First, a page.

On the bus the next day, her psychology professor tries to commit suicide by walking in front of the bus. If that weren’t enough to shake her up, she then sees someone jump off a tower to his death. Mattie’s not having such a great semester.

We’re then treated to the most stereotypical horror movie scene in a movie full of them, the unnecessary main female character in the bathroom scene. During Mattie’s bath, she has another nightmare about Josh and then sees a face in the water which quickly disappears.

When Mattie goes to see her therapist again, he thinks she’s imagining everything and that she came to see him specifically because she needed to hear someone tell her it wasn’t real and that she had to face it in order to heal. This explains why Mattie spends the rest of the movie investigating scary noises instead of fleeing in terror, but not why everyone else in the movie does the same thing. The world in this movie is full of stupid people.

Speaking of, Tim gets online to send a message to Stone asking where he is because they’re worried, and then asking where everyone is, because the campus is almost empty. Instead of a response, he gets asked if he wants to see a ghost. Because every single character in this damn movie is too curious for their own good – We already have dead cats, people! – he clicks the link and Stone momentarily comes onto the screen, looking much like a ghost himself. When he disappears, Tim’s computer looks like it is back to normal.

Mattie then gets another stereotypical horror movie bathroom scene, this time in a public campus restroom. The lights start flickering, the faucets drip, and she hears the door open but no one comes in. Then she thinks she hears someone in the stall next to hers, so he presses her ear to the wall between them. Who does this? Slightly creepy, significantly disgusting. Though she hears nothing, we can see that there’s a ghost on the other side, stroking the wall. Instead of running away, she goes to investigate. It’s not until she sees a ghost’s face come out from under the door of the stall that she finally flees.

Tim checks on Stone and finds his apartment unlocked and the inside dark. Bad sign. Time to run, Tim, but no, even after everything else he’s seen, he continues to investigate. First, he watches a disturbing video of Stone on the computer and then, when he looks around, he sees Stone getting sucked into the darkness of the wall. Finally, he runs away and tries to create a safe zone in his home by taping the windows and doors with red tape, but runs out before he’s done. This is why Josh sent Mattie three rolls to use herself. Guess you should have sprung for your own, Tim, instead of sharing! Of course, he then hears something outside the door and stupidly uncovers the peephole because he’s way too curious (and dumb) to live. Sure enough, there’s a ghost outside.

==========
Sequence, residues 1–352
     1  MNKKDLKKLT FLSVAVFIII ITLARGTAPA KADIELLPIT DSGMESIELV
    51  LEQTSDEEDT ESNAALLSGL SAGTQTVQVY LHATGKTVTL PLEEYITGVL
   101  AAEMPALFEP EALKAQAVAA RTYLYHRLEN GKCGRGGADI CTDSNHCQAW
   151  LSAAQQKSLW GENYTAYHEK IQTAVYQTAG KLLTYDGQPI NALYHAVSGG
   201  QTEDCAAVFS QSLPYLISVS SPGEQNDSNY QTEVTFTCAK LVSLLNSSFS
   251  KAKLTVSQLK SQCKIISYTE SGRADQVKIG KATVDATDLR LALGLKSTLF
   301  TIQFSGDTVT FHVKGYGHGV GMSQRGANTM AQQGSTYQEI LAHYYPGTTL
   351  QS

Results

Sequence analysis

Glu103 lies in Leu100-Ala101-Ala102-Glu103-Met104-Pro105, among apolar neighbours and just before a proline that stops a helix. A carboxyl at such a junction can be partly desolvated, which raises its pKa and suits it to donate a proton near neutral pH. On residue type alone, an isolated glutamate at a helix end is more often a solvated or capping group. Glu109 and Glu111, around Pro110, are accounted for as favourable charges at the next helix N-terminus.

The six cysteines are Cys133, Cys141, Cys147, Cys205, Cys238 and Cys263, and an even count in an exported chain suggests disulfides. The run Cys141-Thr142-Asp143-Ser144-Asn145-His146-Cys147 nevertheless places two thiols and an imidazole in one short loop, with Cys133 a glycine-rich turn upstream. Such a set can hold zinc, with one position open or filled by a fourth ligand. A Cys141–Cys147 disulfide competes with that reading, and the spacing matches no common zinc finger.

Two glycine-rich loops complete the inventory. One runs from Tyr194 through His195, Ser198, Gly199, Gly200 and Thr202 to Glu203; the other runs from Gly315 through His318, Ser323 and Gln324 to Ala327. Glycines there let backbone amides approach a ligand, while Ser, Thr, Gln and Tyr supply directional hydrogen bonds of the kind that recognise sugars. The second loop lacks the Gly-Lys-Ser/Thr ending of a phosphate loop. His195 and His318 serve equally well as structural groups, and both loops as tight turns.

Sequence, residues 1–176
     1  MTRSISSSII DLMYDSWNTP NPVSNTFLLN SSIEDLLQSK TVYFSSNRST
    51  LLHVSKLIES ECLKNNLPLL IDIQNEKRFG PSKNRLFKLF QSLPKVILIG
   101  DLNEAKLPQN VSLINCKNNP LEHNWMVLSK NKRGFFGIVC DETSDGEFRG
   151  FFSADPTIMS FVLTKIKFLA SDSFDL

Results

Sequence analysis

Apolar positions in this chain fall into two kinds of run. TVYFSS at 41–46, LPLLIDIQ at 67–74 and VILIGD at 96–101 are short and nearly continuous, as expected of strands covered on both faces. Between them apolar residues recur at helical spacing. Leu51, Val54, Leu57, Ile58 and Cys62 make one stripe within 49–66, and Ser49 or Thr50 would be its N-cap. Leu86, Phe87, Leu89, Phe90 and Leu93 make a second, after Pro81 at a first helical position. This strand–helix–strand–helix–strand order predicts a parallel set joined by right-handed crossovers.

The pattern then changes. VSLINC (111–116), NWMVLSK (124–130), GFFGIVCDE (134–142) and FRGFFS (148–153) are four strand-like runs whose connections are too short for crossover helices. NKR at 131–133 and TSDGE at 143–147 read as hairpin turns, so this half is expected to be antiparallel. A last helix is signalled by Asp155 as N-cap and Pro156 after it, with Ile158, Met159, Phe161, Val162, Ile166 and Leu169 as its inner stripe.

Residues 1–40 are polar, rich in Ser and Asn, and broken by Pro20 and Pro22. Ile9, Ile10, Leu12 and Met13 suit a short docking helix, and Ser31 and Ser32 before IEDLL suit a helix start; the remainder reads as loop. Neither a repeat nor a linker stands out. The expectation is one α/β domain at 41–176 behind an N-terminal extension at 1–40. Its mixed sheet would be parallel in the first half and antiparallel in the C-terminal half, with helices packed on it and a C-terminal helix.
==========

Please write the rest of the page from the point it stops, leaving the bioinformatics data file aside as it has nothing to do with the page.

Mattie’s therapist is alone in his office when the lights start to dim and his computer goes wonky, then shows him an image of a woman, the same woman who is in a picture on his desk. His daughter? His wife? His sister? No matter, she’s already dead, I’m sure. When he hears noises, he too investigates rather than running away, but after his advice for Mattie earlier, this is understandable. Still, investigation leads to ghost leads to dead therapist.

Later, Mattie wakes to her computer asking if she’d like to meet a ghost. For the love of God, Mattie, don’t click it! But of course she does, and she sees a video of someone hanging from the ceiling, though it doesn’t show the person’s face. She’s then bombarded with the same images Dexter saw. She quickly unplugs the modem and the computer and turns the screen to face the wall, but then her printer starts spitting out pages that have dark patches on them but no specific images. She puts them together like a puzzle to reveal a creepy face, possibly the same one she saw in the bathtub.

After this, Mattie goes to Dexter, ready to know what happened to Josh. Dexter now claims that Josh’s hard drive was fried but he managed to retrieve most of the data. Apparently, Josh was stockpiling hardcore viruses and had hacked into Douglas’s system and then sent video correspondence to him apologizing and asking for help to stop what he had released. In the videos, Josh says that he’s working on a virus to stop whatever he set free and will meet Douglas in the library. Cue the opening scene of the movie. Seeing Josh talk about how he feels in the videos really pushes Pulse‘s premise that technology isolates and depresses us. It’s actually fairly painful to watch.

Mattie suggests that the ghosts and suicides are connected and Dexter doesn’t agree with her. This is an interesting twist from their earlier beliefs. Part of why Dexter doesn’t believe it is because the image Mattie shows him is a typical hacker prank. They continue their conversation in a diner for no good reason except to allow an end-of-the-world theorist to overhear them and break into their conversation. He agrees with Mattie and claims that people are idiots because they constantly broadcast where they are located, through their technology, but they think they’re safe. His end-of-the-world talk, while appropriate, isn’t really helping Mattie convince Dexter she’s right. Dexter does agree that they need to track down the mysterious Douglas.